Quoting WestWing (Reply 7):
I still find the the use of "was like" for "said" irritating. (e.g., She was like "OMG are you for real?" ).

Ah, but "was like" and "said" have different connotations. "Said" is the baseline, vanilla-flavored version of the word. It signals merely that the speaker is going to recount the words someone said, with no indication as to the style or manner of that repetition. "Was like" implies that the speaker is going to act out what the speaker, literally, "was like," complete with mannerisms, accent, inflection, etc.
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RE: The Pedantic Thread

Sun Dec 12, 2010 9:25 pm

 
seb146
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RE: The Pedantic Thread

Sun Dec 12, 2010 9:43 pm

Quoting ANITIX87 (Reply 12):
"Could of" or "Should of.":

And, let's not forget "A whole nother." When did "nother" become a word?

Quoting ANITIX87 (Reply 12):
"Your", "You're":

Their, there, they're....

Also, what about the use of contractions and apostrophies? Or the word "nuh-uh" instead of "no."
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Kent350787
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RE: The Pedantic Thread

Sun Dec 12, 2010 9:57 pm

Not that it happens too often here, but the use of "phase" rather than "faze" as in " I was really fazed by that" or "that doesn't faze me". Perhaps it's not misused here as most of us know what phases are?
 
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RE: The Pedantic Thread

Sun Dec 12, 2010 10:54 pm

Quoting seb146 (Reply 19):
apostrophies

What's an apostrophy? Something you win after winning something else?   
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BAViscount
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RE: The Pedantic Thread

Sun Dec 12, 2010 11:20 pm

Oooh I could go on for hours, but it's late and I have to pack for a business trip, so:

"A lot" not "Alot". Allot is a word, alot is not.

"The proof is in the pudding". My blood boils whenever I hear people say that. It's "The proof of the pudding is in the eating", which makes so much more sense!
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Jetsgo
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RE: The Pedantic Thread

Mon Dec 13, 2010 12:33 am

Quoting ANITIX87 (Reply 14):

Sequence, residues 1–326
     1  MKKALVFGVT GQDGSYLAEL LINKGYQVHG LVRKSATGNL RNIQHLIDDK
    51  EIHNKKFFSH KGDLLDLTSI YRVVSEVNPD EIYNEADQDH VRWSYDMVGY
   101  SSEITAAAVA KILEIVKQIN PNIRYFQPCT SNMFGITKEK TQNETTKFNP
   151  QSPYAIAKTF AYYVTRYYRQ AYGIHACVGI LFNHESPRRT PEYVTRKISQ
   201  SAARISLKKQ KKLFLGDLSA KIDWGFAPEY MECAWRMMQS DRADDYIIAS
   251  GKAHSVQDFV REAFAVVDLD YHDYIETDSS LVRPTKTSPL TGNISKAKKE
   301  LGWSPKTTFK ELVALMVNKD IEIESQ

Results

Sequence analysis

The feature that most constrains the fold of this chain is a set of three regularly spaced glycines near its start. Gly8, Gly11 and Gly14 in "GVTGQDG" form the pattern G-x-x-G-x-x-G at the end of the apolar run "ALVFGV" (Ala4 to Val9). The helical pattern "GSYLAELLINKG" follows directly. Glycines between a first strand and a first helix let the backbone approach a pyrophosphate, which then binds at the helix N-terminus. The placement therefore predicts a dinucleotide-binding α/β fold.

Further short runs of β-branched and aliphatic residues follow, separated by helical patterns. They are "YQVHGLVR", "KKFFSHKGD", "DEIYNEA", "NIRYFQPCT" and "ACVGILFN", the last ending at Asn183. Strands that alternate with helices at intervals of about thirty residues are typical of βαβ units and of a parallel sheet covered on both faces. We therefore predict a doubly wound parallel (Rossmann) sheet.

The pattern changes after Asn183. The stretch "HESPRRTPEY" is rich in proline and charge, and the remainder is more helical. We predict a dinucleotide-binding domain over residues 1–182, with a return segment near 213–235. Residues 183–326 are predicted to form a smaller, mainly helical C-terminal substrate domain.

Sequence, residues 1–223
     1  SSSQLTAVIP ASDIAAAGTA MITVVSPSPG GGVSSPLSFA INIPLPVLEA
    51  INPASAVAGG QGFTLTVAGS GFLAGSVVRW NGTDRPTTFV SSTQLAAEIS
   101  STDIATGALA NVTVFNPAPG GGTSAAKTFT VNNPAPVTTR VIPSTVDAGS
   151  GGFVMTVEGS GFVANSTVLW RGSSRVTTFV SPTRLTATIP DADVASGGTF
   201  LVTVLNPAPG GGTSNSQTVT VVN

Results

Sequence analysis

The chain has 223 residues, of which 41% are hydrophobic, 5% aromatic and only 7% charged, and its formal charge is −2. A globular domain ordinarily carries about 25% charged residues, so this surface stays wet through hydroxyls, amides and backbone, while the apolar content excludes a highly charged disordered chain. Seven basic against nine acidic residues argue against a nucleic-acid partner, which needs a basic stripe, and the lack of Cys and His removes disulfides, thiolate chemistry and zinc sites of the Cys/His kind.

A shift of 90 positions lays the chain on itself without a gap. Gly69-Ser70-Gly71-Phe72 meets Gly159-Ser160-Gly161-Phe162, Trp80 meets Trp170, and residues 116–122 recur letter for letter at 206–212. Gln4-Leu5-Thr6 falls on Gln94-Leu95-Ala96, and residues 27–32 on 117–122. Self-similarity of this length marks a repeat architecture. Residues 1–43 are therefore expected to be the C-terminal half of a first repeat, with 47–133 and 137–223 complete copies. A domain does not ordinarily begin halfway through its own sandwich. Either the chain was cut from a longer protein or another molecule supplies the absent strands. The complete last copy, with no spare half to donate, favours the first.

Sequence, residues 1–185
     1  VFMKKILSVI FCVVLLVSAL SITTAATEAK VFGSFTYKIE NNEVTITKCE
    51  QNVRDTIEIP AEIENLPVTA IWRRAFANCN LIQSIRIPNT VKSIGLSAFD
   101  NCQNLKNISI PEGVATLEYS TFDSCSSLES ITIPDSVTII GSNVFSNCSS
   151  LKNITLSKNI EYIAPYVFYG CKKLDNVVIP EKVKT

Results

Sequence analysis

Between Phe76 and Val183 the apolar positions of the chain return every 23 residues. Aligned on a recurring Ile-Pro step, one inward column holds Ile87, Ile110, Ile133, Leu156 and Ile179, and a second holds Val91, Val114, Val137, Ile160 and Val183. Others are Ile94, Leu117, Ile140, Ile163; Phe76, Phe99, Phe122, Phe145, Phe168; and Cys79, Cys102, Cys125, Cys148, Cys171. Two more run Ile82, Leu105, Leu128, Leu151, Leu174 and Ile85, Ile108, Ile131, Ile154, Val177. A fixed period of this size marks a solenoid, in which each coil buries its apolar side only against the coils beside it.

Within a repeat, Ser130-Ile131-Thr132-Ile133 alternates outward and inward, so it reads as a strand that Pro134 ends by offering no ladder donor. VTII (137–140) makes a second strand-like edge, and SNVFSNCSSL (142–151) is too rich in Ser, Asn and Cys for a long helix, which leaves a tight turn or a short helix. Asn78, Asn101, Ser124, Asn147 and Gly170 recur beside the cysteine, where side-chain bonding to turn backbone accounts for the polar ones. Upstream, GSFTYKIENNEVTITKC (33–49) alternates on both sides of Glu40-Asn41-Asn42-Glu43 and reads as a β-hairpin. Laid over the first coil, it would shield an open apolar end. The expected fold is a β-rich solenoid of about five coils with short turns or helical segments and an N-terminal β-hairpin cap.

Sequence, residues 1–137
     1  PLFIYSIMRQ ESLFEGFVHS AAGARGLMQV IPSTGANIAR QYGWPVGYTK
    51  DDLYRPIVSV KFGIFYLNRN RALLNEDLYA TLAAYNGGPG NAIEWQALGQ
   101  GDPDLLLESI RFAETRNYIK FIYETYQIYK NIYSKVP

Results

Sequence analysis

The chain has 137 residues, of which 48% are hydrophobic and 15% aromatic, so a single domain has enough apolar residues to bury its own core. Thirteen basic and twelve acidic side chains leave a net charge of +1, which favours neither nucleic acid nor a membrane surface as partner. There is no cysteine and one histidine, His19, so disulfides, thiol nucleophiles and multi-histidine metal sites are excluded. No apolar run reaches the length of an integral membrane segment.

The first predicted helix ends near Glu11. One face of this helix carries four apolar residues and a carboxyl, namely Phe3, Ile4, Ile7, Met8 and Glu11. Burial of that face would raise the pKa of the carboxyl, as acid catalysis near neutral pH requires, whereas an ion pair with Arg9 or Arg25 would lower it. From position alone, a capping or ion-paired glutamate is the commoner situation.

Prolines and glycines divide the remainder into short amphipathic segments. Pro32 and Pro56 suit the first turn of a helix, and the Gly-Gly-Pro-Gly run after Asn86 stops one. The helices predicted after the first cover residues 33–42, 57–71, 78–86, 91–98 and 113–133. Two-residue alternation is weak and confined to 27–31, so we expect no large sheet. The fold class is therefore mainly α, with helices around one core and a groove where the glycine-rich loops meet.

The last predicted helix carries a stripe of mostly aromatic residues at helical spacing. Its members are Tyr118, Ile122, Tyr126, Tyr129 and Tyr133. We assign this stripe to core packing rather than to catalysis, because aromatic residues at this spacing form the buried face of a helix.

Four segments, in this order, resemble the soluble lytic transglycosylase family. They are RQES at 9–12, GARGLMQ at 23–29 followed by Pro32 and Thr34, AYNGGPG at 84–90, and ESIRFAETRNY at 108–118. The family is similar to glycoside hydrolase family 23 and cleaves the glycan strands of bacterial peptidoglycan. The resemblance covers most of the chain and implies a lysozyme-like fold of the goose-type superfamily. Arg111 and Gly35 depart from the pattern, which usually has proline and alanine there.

That's all fine and dandy, however it's not used out here and therefore I'm not used to it. It's like the great soda/pop debate. And btw, it's SODA.
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EI320
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RE: The Pedantic Thread

Mon Dec 13, 2010 12:58 am

Quoting Airstud (Reply 2):
English also lacks a second-person plural pronoun (this function used to be served by "you" whilst "thou" was singular, "thou" got phased out, don't ask moi why...). So currently (yes Doc, that's how I started this sentence) we are faced with appalling constructs like "Can I get youguys's fax number?"
Quoting seb146 (Reply 5):
The one thing I do not like about the English language is we have to say "yous" or "y'all" if I am speaking to a group but do not want to be included in said group. I run into this all the time in other threads. In Spanish, it is classified as "ustedes."

In Ireland, we simply use "Ye" (pronounced "Yee").

Eg. Why are ye all posting on a.net?

Much easier than "yous" or "y'all" or whatever else is used.

The obvious problem that has resulted from it's widespread oral usage in Ireland is that many people are now using it as part the written language (unaware of the fact that it's incorrect).

[Edited 2010-12-12 17:02:30]
 
bookishaviator
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RE: The Pedantic Thread

Mon Dec 13, 2010 4:01 am

The abuse and misuse of apostrophes drives me mad, although not nearly as much as Textese...

For example:
C u l8er / 2nite / 2moro

Is it really all that difficult and/or time-consuming to construct grammatically sound text messages, using correct spelling? Yes, I realise we all lead 'busy' lives in this age of constant demand, but surely a few extra characters isn't going to KILL YOU?!

K. Thnx. Bye.
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Quokka
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RE: The Pedantic Thread

Mon Dec 13, 2010 4:19 am

Quoting ANITIX87 (Reply 14):
saying he or she (happy, Quokka??)


Yes, thank you. It's not so hard after all.  
Quoting bookishaviator (Reply 25):
but surely a few extra characters isn't going to KILL YOU?!


This could be a hangover from the 80 character limit on SMS. Messages containing more than 80 characters are (were?) split into two or more, resulting in multiple charges.

Another common mistake is using "its" in place of "it's" or "it's" where "its" should be used.